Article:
Java Fern (Microsorum pteropus)

Quick Reference Section

  • Experience Level: Beginner
  • Family: Polypodiaceae
  • Binomial Name: Microsorum pteropus, synonym Leptochilus pteropus
  • Minimum Tank Size: 10 gallons
  • Water pH: 6.0-7.5
  • Lighting: Low to Moderate
  • Recommended Temperature: 82°H/68°L
  • Growth Rate: Moderate
  • Buy It On Amazon

Another popular aquatic plant that can be commonly found in most aquariums and turtle tanks is the Java Fern. The scientific name of this plant is Microsorum pteropus. The java fern can be found in almost all pet shops that sell aquatic pets.

This elegant plant doesn’t need substrate and can be anchored down with a rock or driftwood. Since it doesn’t need a substrate, its care is simple. In addition, it thrives in low light. The turtle’s UV light should provide enough light for the plant.

Reason to grow Java fern

  • Java fern is a great natural filter and as such will help keep the aquarium clean and free of nitrites.
  •  In addition to this, turtles don’t find this plant tasty. As such, you won’t need to keep replacing it. Also, it isn’t toxic so you don’t need to worry about the turtle ingesting it.
  • Anubias has gorgeous leathery leaves that can grow to 12 inches.
  • It can live for a long time.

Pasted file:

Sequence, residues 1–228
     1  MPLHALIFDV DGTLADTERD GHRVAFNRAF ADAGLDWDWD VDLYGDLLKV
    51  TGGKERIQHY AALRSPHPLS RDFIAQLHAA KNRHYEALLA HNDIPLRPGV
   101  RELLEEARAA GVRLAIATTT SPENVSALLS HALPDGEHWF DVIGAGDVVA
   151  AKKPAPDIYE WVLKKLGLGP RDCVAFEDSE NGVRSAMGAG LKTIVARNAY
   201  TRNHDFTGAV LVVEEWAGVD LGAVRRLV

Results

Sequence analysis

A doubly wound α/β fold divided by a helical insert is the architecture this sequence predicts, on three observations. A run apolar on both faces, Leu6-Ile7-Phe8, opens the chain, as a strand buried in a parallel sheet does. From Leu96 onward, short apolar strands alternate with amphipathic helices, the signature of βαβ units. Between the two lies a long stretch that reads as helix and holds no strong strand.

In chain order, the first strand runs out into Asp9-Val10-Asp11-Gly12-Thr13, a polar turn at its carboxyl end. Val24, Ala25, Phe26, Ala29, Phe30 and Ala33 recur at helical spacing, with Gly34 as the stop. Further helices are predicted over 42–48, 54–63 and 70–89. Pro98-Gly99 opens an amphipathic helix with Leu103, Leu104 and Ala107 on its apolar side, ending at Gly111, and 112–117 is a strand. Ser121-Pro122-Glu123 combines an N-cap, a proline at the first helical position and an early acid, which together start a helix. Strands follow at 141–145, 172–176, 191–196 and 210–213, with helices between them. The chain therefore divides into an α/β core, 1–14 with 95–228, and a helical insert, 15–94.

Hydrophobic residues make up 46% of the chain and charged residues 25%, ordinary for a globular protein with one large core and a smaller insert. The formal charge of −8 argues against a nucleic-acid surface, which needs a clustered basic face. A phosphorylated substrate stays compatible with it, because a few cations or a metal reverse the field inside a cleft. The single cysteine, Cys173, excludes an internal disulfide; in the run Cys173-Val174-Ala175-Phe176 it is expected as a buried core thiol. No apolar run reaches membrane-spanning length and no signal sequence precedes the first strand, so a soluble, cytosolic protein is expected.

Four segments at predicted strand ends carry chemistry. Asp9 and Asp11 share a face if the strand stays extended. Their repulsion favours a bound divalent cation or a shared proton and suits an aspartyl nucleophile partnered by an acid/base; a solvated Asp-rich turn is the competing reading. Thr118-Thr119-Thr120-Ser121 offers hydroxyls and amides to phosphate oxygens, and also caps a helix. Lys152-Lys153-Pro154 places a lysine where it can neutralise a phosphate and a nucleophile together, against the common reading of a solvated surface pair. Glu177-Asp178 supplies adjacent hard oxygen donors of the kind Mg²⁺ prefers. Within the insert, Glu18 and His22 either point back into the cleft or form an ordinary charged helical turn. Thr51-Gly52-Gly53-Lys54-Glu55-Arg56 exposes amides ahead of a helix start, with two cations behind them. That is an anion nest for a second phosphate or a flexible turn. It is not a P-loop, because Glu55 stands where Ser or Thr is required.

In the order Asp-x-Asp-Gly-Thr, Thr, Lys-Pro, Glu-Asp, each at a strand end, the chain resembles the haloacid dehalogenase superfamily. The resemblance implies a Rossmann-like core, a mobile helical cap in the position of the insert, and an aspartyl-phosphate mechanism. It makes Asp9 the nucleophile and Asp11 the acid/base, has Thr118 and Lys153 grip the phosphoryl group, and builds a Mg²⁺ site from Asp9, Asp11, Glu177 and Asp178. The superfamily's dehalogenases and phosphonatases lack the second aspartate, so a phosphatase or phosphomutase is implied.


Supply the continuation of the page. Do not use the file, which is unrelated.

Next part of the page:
Amazon Sword Plant

Amazon sword plant
Amazon sword plant

Quick Reference Section

  • Experience Level: Beginner
  • Family: Alismataceae
  • Binomial Name: Echinodorus grisebachii/amazonicus
  • Minimum Tank Size: 10 gallons
  • Water pH: 6.5-7.5
  • Lighting: Low to Moderate
  • Recommended Temperature: 82°H/61°L
  • Growth Rate: Moderate
  • Buy It On Amazon

The amazon sword plant is one of the most common plants kept in freshwater aquariums. As a common plant, they are easy to find and easy to care for.

While the Echinodorus amazonicus is the more popular species, others such as the Echinodorus bleheri can also be found in pet stores. Nevertheless, every variety of this plant is perfect for turtle tanks.

For starters, the amazon sword plant is a plant that needs a lot of light. As such, it is necessary to keep it in a well-lit spot.

Unlike the other plants mentioned, the amazon sword plant needs a substrate to thrive.

You can keep it anchored using a rock and use aquarium gravel as the substrate. If the turtle ever uproots it, just replant it.

Reasons to grow the Amazon Sword Plant

  • The Amazon sword plant is an elegant plant that is easy to maintain.
  • The broad leaves of the  Echinodorus bleheri provide excellent hiding spots for the turtle.
  • It’s a large plant and as such offers a high level of filtration.